If someone on Charleston City Council were to be under investigation by the State Ethics Commission right now, you would not know about it. Why? Because South Carolina law prohibits public knowledge of potential ethics violations by public officials, unless the commission’s secret vote deems the claims worthy. To put it bluntly: Transparency law in the Palmetto State is nothing more than reputation protection for state politicians.
For most legal questions, even those involving people in power, have the same starting rules. Any time a legislator or councilman is arrested for drunk driving, for example, an investigation is conducted. If a mayor rear-ends someone on Broad Street, the police are called, blue lights and all, to write a report. Guilty or not, the matter is public and the process runs its course equitably.
But if you file an ethics complaint against any elected official, the potential crime becomes secret — nobody with any knowledge of the complaint can discuss it, thanks to South Carolina’s secrecy protections for politicians.
The procedure for filing a complaint is simple enough: If someone suspects a public official is in violation of state law, he or she sends their concerns to the State Ethics Commission. The commission looks into the complaint and decides whether to bring formal action.
But state law keeps even the allegation of a possible impropriety under wraps until ethics commissioners meet — behind closed doors — to consider the facts. It’s all done in secret. It’s all done outside of the scope of public scrutiny, just to decide whether the complaint is legitimate enough to subject public officials to the same treatment they’d get for drunk driving or a wreck.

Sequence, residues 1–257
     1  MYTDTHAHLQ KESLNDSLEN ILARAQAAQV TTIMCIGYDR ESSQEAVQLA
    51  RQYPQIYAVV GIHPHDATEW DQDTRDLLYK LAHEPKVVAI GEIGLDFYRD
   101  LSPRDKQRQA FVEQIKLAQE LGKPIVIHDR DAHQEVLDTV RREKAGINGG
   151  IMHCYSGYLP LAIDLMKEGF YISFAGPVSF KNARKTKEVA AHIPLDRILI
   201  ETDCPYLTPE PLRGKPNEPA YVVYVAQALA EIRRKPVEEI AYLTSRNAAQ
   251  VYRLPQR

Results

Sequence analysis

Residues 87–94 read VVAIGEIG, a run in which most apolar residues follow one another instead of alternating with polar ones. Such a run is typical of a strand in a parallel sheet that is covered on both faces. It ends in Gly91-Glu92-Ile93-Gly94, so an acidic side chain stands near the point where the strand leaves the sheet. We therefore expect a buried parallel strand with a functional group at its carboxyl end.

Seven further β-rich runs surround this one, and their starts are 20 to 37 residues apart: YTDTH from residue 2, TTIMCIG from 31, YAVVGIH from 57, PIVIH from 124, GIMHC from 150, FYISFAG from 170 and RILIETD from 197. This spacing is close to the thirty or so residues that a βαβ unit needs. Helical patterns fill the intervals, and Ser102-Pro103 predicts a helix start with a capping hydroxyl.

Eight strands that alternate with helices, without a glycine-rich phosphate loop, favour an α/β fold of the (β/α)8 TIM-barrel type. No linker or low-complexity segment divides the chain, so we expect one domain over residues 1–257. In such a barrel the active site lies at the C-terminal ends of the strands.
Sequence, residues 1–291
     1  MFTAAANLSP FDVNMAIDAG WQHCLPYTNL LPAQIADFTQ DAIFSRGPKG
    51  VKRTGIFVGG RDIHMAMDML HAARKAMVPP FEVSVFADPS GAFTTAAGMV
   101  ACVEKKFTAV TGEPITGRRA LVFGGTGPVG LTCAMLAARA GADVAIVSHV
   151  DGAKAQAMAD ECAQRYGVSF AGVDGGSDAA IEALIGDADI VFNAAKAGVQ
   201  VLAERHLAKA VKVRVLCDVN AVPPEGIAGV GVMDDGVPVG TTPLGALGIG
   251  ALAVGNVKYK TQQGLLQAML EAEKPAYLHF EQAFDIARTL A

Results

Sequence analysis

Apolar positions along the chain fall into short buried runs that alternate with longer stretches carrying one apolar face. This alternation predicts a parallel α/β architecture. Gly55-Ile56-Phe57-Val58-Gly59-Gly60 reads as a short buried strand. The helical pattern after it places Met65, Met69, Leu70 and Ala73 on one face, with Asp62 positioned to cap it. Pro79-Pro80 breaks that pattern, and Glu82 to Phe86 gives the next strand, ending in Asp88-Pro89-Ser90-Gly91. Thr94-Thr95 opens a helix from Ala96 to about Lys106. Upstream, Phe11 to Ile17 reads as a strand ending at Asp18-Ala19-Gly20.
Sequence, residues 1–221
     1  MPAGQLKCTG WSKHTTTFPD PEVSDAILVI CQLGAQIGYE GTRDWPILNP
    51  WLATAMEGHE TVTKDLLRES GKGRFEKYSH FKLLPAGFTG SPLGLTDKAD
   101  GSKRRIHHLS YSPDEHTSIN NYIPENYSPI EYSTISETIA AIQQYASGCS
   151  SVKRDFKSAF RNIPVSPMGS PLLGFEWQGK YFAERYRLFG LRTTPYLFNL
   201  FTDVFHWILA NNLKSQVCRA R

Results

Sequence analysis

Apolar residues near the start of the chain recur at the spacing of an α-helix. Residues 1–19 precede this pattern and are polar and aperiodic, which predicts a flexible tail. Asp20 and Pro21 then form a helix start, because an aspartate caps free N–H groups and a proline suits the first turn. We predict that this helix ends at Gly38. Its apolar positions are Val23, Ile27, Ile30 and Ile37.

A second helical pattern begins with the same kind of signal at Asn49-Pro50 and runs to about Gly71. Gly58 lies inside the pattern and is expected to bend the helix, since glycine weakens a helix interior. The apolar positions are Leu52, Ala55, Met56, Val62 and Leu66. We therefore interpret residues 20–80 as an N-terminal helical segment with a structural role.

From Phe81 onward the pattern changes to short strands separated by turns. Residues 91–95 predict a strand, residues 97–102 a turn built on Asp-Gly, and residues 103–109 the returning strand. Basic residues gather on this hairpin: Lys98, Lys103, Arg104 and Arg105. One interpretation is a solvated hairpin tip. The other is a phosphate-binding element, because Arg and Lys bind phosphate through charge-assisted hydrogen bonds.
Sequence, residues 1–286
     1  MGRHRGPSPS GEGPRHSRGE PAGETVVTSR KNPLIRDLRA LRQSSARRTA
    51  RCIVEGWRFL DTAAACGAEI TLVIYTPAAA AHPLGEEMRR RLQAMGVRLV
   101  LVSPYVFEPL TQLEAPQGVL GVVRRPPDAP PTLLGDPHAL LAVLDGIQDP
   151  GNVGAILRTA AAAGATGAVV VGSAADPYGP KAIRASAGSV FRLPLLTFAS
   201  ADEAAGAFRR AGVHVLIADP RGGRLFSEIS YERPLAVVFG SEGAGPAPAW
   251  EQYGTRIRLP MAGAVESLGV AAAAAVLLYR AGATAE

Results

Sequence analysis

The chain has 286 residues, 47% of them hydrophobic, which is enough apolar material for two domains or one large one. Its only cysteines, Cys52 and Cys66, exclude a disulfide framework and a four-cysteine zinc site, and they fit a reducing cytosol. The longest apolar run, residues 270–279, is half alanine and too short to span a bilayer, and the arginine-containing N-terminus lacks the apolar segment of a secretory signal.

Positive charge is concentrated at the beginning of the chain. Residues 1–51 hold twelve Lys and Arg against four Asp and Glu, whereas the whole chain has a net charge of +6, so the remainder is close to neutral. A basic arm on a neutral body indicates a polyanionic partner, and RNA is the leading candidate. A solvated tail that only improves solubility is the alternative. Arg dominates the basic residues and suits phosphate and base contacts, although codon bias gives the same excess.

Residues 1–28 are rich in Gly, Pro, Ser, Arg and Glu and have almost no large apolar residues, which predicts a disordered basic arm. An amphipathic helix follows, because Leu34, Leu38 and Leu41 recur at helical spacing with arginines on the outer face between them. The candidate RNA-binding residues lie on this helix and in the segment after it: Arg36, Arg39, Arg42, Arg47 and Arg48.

It should make you mad, this perverse concoction of hogwash, horsefeathers and cow manure.
What’s even more maddening is if someone dares disclose the complaint before it’s blessed by the commission, the law requires that the complainant face jail time or a fine. To top it off, if ethics commissioners decide the alleged misdeeds did not veer outside South Carolina’s broad ethics rules, the whole thing disappears and is stricken from the record.
Luckily, a lawsuit filed last month in federal court is challenging South Carolina’s opaque transparency rules. An anonymous whistleblower who had a complaint dismissed by the State Ethics Commission wants to tell the world about allegations that sound an awful lot like a textbook case of corruption. The commission even substantiated the whistleblower’s claim, but said it didn’t amount to a potential offense. But under state law, the anonymous person is sworn to confidentiality, even if it’s in the public’s interest to speak out.
“If this is the law in South Carolina, the public, the press and the General Assembly should know, first and foremost, so this massive loophole can be closed,” the Aug. 25 complaint reads.
Maybe one of your councilmen is under investigation right now. Maybe not. But shouldn’t you have the right to know about allegations against people who have submitted themselves to higher standards as public servants? Of course, particularly given the state’s lax ethics rules. Our politicians deserve scrutiny.
Change the law.